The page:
Humitas are prepared with the large kernel Andean corn called choclo, which you can often find in the frozen section of Latin food markets. Cilantro gives these humitas verdes their trademark bright green color.
Humitas can be prepared plain, or filled with a combination of cheese, roast pork, olives, hard boiled eggs, or roast chicken - it's up to you!
- 4 cups fresh or frozen (and thawed) corn kernels (choclo if available)
- 1/4 cup onion, finely chopped
- 1 tablespoon butter
- 1/2 cup (packed) fresh cilantro leaves
- 2 teaspoons aji amarillo chile pepper paste
- 1/4 cup lard or vegetable shortening
- Salt and pepper to taste
- Filling of choice (optional)
- Dried corn husks
- Place the chopped onion in a skillet with the butter and chile pepper paste and sauté until onion is soft and translucent.
- Place the corn kernels in a blender with the cilantro and process until smooth, adding a little bit of milk if necessary. Add the cooked onion and blend until smooth.
- Add the lard to the skillet with the corn mixture and cook for several minutes over medium heat, until lard is melted, and the mixture is thick enough to mound into piles. Season with salt and pepper to taste.
- Bring a pot of water to a boil. Briefly dip the dried corn husks into the boiling water to soften them, then dry them with a dish towel.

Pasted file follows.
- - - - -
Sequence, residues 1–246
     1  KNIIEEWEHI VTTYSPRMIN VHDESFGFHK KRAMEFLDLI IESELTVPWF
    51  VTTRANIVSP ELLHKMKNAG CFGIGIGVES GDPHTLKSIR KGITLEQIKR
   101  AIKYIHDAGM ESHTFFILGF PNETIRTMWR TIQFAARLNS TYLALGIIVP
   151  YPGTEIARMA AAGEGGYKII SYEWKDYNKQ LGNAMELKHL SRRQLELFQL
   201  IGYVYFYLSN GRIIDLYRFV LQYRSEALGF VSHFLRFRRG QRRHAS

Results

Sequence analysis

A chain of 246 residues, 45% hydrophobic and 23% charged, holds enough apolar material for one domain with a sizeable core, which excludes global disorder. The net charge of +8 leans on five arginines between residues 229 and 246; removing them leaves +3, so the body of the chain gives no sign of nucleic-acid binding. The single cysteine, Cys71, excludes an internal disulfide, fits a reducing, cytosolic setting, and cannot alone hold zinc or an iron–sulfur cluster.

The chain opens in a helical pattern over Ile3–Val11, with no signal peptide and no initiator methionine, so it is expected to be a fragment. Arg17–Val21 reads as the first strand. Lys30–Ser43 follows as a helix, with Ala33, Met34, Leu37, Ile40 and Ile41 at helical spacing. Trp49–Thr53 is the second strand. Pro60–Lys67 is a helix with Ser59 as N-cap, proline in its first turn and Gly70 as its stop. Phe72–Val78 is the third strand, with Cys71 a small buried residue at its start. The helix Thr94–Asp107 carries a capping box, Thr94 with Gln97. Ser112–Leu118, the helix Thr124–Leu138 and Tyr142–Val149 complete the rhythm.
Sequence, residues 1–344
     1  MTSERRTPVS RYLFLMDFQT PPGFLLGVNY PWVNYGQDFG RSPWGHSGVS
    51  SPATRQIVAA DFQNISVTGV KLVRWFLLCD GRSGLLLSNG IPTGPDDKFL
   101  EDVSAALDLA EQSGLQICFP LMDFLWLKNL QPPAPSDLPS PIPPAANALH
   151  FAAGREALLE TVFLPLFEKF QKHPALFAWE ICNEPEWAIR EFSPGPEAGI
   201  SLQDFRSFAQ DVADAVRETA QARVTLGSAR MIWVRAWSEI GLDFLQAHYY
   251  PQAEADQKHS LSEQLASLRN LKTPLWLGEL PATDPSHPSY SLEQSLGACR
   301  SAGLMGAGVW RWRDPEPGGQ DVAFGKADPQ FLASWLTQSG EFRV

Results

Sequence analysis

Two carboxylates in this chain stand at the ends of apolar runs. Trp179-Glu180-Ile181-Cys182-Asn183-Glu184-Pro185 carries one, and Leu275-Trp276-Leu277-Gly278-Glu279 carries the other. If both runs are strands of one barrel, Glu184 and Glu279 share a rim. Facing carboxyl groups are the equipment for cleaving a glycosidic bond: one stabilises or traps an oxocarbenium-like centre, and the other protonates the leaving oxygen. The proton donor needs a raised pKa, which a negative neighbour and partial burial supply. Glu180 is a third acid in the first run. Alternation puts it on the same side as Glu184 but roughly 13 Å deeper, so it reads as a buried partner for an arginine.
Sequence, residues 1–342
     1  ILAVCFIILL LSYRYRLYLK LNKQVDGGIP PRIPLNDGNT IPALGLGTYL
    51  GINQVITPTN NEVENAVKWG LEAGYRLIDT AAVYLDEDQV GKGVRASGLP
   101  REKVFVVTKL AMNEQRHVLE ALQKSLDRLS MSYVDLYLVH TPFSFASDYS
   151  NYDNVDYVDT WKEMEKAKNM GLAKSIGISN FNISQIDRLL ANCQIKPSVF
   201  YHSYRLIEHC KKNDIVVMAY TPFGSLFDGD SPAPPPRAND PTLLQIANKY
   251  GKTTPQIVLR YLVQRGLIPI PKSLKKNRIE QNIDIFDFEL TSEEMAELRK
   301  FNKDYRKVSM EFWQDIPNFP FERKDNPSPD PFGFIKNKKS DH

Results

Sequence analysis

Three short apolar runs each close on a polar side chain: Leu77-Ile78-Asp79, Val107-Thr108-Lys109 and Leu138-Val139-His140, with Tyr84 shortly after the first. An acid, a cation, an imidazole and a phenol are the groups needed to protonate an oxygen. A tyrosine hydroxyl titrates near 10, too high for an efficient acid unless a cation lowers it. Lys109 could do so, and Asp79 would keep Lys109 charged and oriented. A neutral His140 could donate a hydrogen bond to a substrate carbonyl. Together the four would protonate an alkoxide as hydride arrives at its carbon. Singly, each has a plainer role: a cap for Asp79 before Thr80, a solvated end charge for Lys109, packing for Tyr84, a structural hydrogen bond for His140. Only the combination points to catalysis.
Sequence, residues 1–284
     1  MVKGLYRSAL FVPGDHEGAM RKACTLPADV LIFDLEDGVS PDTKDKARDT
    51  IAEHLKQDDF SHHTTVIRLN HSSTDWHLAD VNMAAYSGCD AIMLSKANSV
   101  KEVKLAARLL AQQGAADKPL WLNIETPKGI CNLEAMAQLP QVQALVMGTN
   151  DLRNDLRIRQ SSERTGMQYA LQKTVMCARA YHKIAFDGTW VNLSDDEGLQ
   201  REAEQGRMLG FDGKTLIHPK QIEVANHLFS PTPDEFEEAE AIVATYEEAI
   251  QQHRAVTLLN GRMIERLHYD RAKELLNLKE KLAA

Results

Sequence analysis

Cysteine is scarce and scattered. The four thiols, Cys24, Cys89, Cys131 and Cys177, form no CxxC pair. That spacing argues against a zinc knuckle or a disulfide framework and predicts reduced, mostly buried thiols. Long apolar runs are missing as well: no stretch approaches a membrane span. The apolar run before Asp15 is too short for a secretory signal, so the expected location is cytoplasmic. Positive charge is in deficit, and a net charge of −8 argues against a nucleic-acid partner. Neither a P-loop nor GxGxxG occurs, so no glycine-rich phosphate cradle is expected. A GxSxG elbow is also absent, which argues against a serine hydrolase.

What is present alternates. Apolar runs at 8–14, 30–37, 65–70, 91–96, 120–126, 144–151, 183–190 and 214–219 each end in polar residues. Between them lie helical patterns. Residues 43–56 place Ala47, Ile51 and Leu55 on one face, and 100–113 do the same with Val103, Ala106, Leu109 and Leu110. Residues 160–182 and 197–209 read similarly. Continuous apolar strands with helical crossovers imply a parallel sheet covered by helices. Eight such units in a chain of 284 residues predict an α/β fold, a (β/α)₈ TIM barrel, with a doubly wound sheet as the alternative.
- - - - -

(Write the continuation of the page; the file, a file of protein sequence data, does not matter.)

- Take one husk, or two small husks overlapped, and lay them flat, with the wider cut edges lined up together. Spoon about 3 tablespoons of the corn mixture onto the wide end of the husk. Add a filling in the middle of the mixture if desired, making sure the filling is mostly surrounded by the corn mixture.
- Fold one side of the husk over the corn mixture. Fold the pointy end of the husks down and tuck in, along with the opposite ends, then fold the other long side over. Secure with a piece of string if desired.
- Place husks, seam side down, in the pot of boiling water, on top of a rack. Layer the humitas in a criss cross fashion on the rack. The humitas should not touch the boiling water.
- Cover the humitas with some of the unused husks, then cover with the lid of the pot.
- Steam for 20 -30 minutes, adding a little water if necessary to prevent the pot from boiling dry.
- Remove from heat. Let cool slightly before unwrapping and serving.
Makes about 10 tamales
Note: If using fresh corn from the cob, reserve the corn husks for wrapping the tamales. The corn cobs can be used to make steaming rack as well.